June 5, 2000 -- As a rebellious teenager growing up in Berkeley, Calif., Sandra Thompson (not her real name) didn't think twice about lying to her doctor about a pack-a-day smoking habit to get her hands on birth control pills. Now a doctor herself, Thompson, 30, is much more careful about mixing cigarettes and oral contraceptives. "At one point, it was a real driving force for me," she says. "I knew I had to either quit the pill or quit smoking." She quit taking the pill.
Thompson's dilemma is familiar to many female smokers. Oral contraceptives are the most popular reversible form of birth control in America, yet smokers must decide if the protection is worth the risk. The pill works by providing a steady dose of synthetic hormones that prevent ovulation. For nonsmokers, problems associated with the pill are minimal. For women who smoke, however, the dangers include potentially fatal blood clots, heart attack, and stroke -- especially for women 35 and over.
This year, as the pill celebrates its 40th birthday, smokers may finally have reason to celebrate. According to a study published in the January 1999 issue of the journal Obstetrics & Gynecology, newer low-dose versions of the pill may be safer for smokers than older versions of the contraceptive. The study looked specifically at progesterones, which have been problematic for smokers' hearts in the past. "What we found is that a lot of medical literature was based on old formulations of oral contraceptives," says Patricia Straneva, lead author of the study. "There was a need to reconsider the pill for women who smoke."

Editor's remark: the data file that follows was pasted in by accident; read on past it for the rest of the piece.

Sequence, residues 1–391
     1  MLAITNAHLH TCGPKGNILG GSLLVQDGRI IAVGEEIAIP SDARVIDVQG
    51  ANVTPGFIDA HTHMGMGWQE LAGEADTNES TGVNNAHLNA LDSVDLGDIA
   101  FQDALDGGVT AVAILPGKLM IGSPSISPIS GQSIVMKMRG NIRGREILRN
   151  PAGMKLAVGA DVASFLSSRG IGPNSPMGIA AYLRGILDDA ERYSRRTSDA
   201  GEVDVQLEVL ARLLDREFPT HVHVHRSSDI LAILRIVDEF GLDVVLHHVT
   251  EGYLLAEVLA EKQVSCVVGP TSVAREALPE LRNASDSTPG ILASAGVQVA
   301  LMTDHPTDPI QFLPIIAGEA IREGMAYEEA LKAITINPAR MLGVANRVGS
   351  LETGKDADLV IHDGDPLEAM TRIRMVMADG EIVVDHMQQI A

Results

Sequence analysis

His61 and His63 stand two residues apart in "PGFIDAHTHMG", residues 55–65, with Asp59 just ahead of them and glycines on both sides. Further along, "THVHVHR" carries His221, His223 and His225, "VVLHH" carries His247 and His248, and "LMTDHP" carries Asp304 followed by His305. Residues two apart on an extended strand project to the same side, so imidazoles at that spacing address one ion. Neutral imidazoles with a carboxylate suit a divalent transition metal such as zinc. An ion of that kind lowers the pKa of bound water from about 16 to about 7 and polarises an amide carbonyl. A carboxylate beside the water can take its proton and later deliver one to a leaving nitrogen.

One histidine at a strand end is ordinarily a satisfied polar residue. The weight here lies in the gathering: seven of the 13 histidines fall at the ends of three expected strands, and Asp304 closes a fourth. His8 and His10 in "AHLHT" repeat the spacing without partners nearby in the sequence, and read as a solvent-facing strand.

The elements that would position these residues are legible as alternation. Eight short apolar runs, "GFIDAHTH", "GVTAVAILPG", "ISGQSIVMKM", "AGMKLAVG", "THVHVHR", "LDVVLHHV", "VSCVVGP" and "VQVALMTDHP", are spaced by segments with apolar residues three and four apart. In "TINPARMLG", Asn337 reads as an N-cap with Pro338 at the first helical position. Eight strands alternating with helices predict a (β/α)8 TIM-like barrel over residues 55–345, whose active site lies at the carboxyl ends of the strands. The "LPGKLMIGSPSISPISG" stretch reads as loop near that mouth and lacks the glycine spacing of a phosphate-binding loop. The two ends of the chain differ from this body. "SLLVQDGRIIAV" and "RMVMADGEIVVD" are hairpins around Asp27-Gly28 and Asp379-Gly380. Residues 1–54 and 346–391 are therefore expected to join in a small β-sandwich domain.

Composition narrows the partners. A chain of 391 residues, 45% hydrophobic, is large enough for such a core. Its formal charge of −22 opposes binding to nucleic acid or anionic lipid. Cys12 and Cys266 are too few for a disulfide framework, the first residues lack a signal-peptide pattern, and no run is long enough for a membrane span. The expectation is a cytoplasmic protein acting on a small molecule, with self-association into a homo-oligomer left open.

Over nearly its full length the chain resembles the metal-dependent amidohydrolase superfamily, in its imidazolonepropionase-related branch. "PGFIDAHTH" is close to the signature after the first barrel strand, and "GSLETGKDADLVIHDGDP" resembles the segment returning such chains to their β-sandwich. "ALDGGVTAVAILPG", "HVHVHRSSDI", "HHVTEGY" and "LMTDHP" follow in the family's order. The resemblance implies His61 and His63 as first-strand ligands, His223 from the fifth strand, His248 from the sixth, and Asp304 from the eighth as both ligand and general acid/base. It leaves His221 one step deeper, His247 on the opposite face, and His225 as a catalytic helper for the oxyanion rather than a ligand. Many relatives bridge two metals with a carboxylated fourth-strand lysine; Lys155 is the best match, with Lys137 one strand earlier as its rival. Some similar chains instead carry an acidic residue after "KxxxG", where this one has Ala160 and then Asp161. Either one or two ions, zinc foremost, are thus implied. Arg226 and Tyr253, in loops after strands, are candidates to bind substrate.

Researchers at the University of North Carolina at Chapel Hill recruited both smoking and nonsmoking oral contraceptive users for the study. The women fell into two categories: those taking the older pill formula and those on the newer version. As expected, results showed that simple stress tests taxed the hearts of smokers more than nonsmokers. More important, however, the smokers taking the older version of the pill saw the greatest heart threats, in the form of high blood pressure and blood vessel tension. Researchers concluded that new low-dose formulas appear more heart-healthy for women smokers.
However, female smokers should still be cautious before they choose to take the pill, says Mary C. Davis, PhD, an associate professor of psychology at Arizona State University who specializes in women and smoking. "Even smokers who take the low-dose pill are putting unnecessary stress on their hearts." Many doctors prescribe oral contraceptives to young women smokers because they figure it's better to be smoking and on the pill than smoking and pregnant, she says.
Ultimately, women smokers who use oral contraceptives should be honest with their doctors when they discuss what formula (if any) is right for them, Straneva says. And they should keep in mind that, in the end, "the best thing a woman smoker can do for her health is to quit smoking."
Catherine Guthrie is a freelance writer based in San Francisco. Her work has appeared in Health magazine.
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